The missions in the game are limited. It’s either go attack and destroy enemies or go find out something, then attack and destroy enemies. They do a good job of mixing things up so you sometimes have away missions to play through (yep, attack and destroy enemies) in between a lot of space battles. It’s still grinding, but it doesn’t feel like it because there’s such a wide range of ways to do it. They even had a mission that was purely a fact-finding expedition where you go and settle a dispute with some miners. But they could have made that far more interesting because the feeling was, as one player said, "I went all the way to that system just to answer six questions?" My reply was "It’s called diplomacy," however, there could have been something more. There are also other missions where you just have to go activate some devices and they feel like they’re just there as filler.

There are even specific areas set aside just for PvP in the Neutral Zone where Klingons and Federation can mix it up in a variety of online PvP modes including resource grabbing, deathmatch, etc. As a Klingon you are encouraged to engage the Federation at any chance and even to engage in combat with other houses just as a matter of polite society, for Klingons anyway. Sometimes though, you’ll run into what you think is a PvP level which will end up just being a forced multiplayer co-op environment. There are many would-be PvP levels that are really just this sort of team up against a fleet of NPCs. Of course, as with many MMOs that means you’ll be on a team of players that don’t know what teamwork is. Though I have been surprised by how much teamwork actually does show up here.

Crafting in the game just plain sucks. The only way to do it is to run around the galaxy gathering up anomalous data readings. Then you take those and a specific item and trade them in for an upgraded one. It’s all very cut and dry and I was extremely disappointed to find out that there’s no experimentation, no creation of unique items and frankly, nothing interesting at all in it. You have to run a science mission which then gives you access to someone who upgrades Mark II items. After a certain amount of exchange with that player you can then move up to Mark III items with someone else, etc, etc. Yawn! It’s not a crafting system at all in fact. If this is their answer to a non-violent scientific side to the game, it’s an almost complete failure on their part.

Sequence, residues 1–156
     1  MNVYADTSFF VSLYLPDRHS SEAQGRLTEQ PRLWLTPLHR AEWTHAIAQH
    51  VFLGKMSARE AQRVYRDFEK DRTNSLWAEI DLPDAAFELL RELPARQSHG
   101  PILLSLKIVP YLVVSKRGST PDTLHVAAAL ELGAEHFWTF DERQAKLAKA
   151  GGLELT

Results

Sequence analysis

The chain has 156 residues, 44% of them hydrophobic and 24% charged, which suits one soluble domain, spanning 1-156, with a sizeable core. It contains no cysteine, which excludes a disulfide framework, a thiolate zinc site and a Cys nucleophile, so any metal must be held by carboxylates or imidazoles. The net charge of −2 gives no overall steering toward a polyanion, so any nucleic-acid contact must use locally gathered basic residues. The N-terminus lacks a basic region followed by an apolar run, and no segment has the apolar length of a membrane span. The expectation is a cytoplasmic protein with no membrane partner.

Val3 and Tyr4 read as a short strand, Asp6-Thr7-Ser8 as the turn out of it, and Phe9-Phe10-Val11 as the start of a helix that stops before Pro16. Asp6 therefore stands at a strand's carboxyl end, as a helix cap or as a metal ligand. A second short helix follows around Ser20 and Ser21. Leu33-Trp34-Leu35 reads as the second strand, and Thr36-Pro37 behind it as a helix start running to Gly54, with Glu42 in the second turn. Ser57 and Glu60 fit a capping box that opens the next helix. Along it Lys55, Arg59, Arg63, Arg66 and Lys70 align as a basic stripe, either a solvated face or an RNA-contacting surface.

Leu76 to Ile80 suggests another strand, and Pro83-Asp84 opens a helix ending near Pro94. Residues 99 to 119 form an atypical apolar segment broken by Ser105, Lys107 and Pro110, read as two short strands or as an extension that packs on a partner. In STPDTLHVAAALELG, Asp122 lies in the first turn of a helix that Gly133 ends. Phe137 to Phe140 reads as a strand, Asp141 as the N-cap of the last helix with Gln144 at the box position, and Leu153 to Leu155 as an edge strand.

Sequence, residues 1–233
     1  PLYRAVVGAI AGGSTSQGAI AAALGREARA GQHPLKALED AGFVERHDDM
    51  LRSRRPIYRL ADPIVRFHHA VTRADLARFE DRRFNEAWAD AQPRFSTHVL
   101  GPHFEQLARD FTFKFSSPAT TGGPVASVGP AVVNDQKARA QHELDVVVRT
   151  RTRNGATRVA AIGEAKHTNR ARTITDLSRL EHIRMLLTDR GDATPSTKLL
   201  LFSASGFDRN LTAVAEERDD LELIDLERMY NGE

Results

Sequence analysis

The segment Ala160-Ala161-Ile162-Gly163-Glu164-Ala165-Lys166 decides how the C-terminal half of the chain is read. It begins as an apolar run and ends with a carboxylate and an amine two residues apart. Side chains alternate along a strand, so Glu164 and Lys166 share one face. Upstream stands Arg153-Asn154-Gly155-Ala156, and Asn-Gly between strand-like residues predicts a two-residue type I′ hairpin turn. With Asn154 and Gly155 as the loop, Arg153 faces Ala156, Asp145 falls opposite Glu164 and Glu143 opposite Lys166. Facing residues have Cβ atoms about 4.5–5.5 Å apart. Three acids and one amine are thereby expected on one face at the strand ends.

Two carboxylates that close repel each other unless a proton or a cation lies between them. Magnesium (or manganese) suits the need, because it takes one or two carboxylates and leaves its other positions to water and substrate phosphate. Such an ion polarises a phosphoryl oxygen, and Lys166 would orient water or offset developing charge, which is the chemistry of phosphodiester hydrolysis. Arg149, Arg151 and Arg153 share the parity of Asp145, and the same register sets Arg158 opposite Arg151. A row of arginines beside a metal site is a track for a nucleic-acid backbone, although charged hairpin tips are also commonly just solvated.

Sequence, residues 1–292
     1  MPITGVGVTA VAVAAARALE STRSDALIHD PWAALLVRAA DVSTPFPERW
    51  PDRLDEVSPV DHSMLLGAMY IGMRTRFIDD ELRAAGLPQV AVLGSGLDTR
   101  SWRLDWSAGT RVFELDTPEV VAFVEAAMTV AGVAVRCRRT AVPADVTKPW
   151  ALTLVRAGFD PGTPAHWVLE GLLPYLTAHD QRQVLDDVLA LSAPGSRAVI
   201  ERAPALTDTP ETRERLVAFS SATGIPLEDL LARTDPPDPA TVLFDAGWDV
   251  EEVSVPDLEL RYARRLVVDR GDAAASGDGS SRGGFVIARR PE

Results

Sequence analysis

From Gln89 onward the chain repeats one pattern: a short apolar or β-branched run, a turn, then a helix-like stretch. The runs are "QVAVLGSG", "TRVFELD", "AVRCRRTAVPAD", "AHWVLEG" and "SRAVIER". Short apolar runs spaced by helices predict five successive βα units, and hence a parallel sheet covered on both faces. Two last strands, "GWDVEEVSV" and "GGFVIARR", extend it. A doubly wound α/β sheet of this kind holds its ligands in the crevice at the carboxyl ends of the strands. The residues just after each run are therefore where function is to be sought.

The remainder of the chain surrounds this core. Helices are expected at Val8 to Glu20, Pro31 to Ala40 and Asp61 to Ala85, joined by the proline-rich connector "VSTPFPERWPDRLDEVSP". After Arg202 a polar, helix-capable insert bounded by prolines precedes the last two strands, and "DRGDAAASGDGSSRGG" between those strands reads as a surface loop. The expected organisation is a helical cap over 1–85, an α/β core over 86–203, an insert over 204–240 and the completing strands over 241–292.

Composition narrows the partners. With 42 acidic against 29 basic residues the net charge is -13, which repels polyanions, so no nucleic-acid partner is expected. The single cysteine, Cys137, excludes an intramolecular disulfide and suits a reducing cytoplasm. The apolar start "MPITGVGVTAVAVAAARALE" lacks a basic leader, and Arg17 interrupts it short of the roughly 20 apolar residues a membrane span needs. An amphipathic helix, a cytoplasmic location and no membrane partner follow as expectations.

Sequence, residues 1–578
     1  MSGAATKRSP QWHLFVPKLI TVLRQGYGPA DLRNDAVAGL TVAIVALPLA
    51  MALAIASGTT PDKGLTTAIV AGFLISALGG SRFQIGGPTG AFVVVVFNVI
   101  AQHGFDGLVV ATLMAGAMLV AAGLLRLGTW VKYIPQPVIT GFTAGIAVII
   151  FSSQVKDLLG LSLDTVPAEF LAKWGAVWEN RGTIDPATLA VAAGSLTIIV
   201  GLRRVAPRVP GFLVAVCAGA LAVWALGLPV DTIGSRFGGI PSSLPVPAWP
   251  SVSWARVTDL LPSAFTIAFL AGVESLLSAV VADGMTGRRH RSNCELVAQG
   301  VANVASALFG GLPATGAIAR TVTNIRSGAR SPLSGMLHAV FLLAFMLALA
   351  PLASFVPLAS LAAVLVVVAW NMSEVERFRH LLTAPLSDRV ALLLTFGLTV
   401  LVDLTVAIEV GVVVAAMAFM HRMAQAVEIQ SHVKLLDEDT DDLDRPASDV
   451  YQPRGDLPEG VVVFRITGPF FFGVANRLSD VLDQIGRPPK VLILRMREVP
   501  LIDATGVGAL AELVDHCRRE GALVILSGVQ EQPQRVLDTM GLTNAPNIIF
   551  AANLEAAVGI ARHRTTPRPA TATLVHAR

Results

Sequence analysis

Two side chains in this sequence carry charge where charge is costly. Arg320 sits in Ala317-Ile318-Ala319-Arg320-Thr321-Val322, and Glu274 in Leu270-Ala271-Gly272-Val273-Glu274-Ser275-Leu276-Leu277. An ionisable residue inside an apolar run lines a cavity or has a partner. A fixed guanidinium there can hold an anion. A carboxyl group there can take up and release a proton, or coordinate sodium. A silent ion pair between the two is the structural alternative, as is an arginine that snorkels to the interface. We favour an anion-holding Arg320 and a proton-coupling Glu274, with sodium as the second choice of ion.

The space battles can be epic, in a very proper use of that word. Fleet actions take you and up to twenty other ships and throw you into a massive space battle that could last up to an hour depending on how quickly the fleet dispatches the enemies and achieves the goals that are set forth. These are the times when the game really shines because it’s non-stop action and while you’re technically ’grinding,’ it’s not at all like standard grinding. However, as with many MMOs, no matter what you do in these missions, the game’s story does not change at all. If you beat back the Gorn or take out a massive Klingon force trying to slip in and steal a sector from the Federation, they’ll still be there doing it later. The story doesn’t really progress and there’s no actual change in who has control of what sector. The maps and borders are stationary and don’t look like they will ever change.

As far as I’m concerned, the major flaw in the game comes in your lack of gameplay options and the horrible crafting system. You are either a Starfleet Officer or a Klingon Defense Fleet Officer (for now). There is no being a Ferengi and living a life dedicated to the acquisition of wealth. There is no being a bar owner on a Starship or Starbase. There’s no being a bounty hunter, a crazy DS9 and Wormholehitchhiking alien or anything else. It’s just this, or that and that’s all you get. But it’s an MMO and if we know one thing about MMOs it’s that they evolve over time and Cryptic is actively working to do that. MMOs expand and new features are added and hopefully, these are high on the list, after they squash tens of thousands of bugs. So for now, there is no Q or Continuum, there is no visiting the home of the Prophets in the Bajoran Wormole. Just for now, we hope.